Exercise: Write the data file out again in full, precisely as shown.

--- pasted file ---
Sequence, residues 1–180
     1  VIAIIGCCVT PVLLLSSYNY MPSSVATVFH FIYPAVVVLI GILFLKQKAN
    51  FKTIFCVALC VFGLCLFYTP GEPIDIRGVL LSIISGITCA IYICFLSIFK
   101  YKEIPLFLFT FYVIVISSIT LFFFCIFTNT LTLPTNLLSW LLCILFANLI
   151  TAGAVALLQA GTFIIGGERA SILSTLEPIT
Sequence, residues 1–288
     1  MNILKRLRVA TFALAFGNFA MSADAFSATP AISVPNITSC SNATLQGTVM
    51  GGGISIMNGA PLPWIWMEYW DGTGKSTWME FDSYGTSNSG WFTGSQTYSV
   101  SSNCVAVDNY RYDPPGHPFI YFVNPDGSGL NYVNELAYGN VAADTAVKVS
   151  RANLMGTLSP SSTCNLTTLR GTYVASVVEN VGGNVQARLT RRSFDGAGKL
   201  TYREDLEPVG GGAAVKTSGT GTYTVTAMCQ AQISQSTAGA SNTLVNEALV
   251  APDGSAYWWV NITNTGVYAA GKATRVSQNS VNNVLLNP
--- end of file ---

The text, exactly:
Sequence, residues 1–180
     1  VIAIIGCCVT PVLLLSSYNY MPSSVATVFH FIYPAVVVLI GILFLKQKAN
    51  FKTIFCVALC VFGLCLFYTP GEPIDIRGVL LSIISGITCA IYICFLSIFK
   101  YKEIPLFLFT FYVIVISSIT LFFFCIFTNT LTLPTNLLSW LLCILFANLI
   151  TAGAVALLQA GTFIIGGERA SILSTLEPIT
Sequence, residues 1–288
     1  MNILKRLRVA TFALAFGNFA MSADAFSATP AISVPNITSC SNATLQGTVM
    51  GGGISIMNGA PLPWIWMEYW DGTGKSTWME FDSYGTSNSG WFTGSQTYSV
   101  SSNCVAVDNY RYDPPGHPFI YFVNPDGSGL NYVNELAYGN VAADTAVKVS
   151  RANLMGTLSP SSTCNLTTLR GTYVASVVEN VGGNVQARLT RRSFDGAGKL
   201  TYREDLEPVG GGAAVKTSGT GTYTVTAMCQ AQISQSTAGA SNTLVNEALV
   251  APDGSAYWWV NITNTGVYAA GKATRVSQNS VNNVLLNP